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You might think of the planet Kepler-64b as Tatooine-plus. Like the home of Luke Skywalker, the planet orbits both members of a binary — two stars locked in a tight orbit around each other. That gives the planet two sunrises and two sunsets every day.

In the case of Kepler-64b, though, the two stars are bound to another binary. That gives the system four stars in all. So far, Kepler-64b is the only planet known to reside in a four-star system.

One of the stars the planet orbits is bigger, heavier, and brighter than the Sun. The other is smaller, lighter, and much fainter than the Sun. The stars are quite close together, so they orbit each other once every three weeks.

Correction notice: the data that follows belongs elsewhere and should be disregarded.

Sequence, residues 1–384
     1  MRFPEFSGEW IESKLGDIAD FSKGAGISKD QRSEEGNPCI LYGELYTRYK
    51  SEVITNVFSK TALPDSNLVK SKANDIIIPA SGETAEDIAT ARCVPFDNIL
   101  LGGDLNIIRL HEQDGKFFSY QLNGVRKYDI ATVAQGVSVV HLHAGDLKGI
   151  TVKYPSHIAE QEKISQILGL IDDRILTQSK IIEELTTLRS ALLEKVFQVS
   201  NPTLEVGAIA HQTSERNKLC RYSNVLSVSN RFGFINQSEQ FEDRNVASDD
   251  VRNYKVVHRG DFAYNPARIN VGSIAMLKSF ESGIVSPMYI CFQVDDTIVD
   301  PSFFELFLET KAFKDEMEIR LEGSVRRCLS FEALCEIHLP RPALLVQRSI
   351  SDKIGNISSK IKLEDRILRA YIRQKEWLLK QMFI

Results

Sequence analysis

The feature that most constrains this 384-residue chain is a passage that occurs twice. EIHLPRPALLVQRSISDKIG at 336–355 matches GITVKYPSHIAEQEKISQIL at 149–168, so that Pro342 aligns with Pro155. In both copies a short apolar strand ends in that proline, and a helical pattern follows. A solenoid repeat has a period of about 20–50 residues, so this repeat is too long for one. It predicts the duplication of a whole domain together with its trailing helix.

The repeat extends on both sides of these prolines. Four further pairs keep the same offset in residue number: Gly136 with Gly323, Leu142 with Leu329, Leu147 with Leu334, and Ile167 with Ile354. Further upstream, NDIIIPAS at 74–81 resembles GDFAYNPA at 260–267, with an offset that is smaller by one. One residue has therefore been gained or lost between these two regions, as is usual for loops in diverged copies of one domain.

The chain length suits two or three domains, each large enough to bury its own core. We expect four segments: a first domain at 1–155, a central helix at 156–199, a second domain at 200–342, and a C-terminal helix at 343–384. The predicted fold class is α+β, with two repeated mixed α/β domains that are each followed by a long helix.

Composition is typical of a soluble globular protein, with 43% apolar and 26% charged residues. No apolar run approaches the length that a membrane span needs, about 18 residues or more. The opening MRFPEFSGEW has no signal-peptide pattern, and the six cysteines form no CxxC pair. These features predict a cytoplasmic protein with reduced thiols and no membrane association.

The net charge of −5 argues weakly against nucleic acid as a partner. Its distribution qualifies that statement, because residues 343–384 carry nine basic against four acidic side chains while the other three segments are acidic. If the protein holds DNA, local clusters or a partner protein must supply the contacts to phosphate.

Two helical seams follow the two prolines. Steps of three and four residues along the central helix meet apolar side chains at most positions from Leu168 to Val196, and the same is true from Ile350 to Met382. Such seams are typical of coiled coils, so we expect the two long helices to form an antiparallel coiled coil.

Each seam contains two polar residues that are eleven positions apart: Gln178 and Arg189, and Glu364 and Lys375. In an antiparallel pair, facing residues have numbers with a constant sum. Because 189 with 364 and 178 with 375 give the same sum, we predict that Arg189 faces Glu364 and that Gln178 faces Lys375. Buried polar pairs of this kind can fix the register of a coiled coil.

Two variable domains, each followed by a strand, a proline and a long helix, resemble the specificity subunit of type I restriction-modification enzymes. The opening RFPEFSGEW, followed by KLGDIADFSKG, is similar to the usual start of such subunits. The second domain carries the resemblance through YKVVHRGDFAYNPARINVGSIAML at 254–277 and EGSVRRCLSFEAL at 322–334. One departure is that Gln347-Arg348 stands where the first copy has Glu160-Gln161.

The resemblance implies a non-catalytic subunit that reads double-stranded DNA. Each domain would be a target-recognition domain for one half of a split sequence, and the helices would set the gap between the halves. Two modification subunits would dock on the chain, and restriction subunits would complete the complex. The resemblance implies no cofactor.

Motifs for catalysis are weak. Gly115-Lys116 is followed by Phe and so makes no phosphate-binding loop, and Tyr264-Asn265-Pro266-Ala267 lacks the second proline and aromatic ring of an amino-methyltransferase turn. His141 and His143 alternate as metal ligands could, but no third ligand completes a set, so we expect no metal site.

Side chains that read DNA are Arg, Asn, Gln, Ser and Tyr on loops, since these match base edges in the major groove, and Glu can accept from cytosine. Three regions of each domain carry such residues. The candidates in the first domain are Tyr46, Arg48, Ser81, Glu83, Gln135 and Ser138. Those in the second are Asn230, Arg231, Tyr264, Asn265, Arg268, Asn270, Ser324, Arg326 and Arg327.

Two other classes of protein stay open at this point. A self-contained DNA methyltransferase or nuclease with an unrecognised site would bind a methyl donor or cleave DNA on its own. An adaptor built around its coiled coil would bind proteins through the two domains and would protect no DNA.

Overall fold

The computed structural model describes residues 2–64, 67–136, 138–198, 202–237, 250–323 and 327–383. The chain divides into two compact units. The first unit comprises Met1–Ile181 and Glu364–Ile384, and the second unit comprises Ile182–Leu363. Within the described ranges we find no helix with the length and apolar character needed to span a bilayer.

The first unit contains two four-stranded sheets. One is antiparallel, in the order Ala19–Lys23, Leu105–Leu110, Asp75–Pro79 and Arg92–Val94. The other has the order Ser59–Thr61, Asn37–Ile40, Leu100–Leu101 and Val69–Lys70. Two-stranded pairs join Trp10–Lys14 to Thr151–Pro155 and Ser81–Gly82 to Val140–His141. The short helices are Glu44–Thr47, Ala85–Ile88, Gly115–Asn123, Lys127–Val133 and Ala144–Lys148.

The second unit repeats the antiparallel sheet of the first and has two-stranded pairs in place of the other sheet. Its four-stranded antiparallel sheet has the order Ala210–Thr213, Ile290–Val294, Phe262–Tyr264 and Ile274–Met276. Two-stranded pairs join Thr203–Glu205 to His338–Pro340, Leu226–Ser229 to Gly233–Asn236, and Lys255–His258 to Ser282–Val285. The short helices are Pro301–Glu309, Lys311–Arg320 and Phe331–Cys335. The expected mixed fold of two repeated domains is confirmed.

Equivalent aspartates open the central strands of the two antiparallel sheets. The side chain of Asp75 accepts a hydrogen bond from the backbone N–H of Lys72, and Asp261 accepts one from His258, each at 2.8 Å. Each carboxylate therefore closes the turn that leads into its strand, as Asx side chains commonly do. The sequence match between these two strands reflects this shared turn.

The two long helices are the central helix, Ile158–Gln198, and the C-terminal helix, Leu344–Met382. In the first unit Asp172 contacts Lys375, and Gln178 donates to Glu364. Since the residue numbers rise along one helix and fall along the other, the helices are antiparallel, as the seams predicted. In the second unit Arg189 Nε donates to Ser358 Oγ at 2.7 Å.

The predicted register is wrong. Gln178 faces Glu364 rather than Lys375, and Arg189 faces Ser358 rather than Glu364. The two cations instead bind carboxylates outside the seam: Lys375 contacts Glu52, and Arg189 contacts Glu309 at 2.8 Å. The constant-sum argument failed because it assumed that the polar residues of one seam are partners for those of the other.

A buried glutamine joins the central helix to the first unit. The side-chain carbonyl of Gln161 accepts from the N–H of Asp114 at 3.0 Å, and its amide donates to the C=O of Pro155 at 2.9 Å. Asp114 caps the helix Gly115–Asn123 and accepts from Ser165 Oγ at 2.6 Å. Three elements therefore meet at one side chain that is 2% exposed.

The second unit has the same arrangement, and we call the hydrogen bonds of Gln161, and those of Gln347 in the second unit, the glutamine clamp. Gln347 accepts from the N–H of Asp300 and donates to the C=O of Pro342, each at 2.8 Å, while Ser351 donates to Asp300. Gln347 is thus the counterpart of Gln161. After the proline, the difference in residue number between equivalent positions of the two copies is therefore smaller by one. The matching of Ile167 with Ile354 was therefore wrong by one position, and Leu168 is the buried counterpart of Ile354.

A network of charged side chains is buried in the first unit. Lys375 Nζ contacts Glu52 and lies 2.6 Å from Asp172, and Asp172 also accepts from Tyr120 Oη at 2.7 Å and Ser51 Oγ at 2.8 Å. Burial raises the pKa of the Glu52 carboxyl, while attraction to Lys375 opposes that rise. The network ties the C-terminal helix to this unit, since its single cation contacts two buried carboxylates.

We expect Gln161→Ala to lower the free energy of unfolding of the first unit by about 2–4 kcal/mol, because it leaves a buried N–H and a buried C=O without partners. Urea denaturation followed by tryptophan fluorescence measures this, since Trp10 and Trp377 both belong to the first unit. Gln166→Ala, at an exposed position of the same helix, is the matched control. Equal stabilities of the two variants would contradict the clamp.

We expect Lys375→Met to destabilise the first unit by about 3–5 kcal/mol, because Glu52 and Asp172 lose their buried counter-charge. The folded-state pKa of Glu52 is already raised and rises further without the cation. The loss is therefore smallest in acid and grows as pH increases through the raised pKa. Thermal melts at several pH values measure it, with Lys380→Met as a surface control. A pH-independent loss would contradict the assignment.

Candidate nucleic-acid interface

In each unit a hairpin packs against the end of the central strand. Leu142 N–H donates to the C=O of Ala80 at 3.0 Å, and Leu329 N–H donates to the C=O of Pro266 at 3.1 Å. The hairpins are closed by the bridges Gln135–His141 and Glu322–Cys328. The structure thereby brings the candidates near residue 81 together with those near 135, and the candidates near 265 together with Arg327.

The planet itself is a giant. It orbits the stars at about 60 percent of the distance from Earth to the Sun. That makes the planet quite hot — probably too hot for life.

The other binary consists of a Sun-like star and another feeble star. The pair is separated from the other stars by about a thousand times the Earth-Sun distance. Even at that range, though, it would be bright enough see during the day. And at night, the combined stars would shine about as bright as a full Moon — lighting up the surface of a unique planet.

The Kepler-64 system is several thousand light-years away, in Cygnus. The swan climbs into view by around midnight, and is high in the sky at first light. Kepler-64 is near the intersection of the swan’s body and wings.

Script by Damond Benningfield

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